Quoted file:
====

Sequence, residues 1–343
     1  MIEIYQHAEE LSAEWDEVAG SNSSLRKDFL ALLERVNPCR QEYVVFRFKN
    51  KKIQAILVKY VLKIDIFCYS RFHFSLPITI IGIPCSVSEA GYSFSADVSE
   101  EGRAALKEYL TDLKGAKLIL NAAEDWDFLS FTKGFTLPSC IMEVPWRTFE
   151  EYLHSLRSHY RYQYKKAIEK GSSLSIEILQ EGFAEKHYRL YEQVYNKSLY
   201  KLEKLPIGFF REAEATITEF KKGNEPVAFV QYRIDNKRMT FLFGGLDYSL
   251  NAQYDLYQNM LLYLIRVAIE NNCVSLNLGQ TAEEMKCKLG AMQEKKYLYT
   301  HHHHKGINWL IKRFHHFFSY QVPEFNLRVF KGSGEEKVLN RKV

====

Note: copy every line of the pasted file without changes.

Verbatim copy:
Sequence, residues 1–343
     1  MIEIYQHAEE LSAEWDEVAG SNSSLRKDFL ALLERVNPCR QEYVVFRFKN
    51  KKIQAILVKY VLKIDIFCYS RFHFSLPITI IGIPCSVSEA GYSFSADVSE
   101  EGRAALKEYL TDLKGAKLIL NAAEDWDFLS FTKGFTLPSC IMEVPWRTFE
   151  EYLHSLRSHY RYQYKKAIEK GSSLSIEILQ EGFAEKHYRL YEQVYNKSLY
   201  KLEKLPIGFF REAEATITEF KKGNEPVAFV QYRIDNKRMT FLFGGLDYSL
   251  NAQYDLYQNM LLYLIRVAIE NNCVSLNLGQ TAEEMKCKLG AMQEKKYLYT
   301  HHHHKGINWL IKRFHHFFSY QVPEFNLRVF KGSGEEKVLN RKV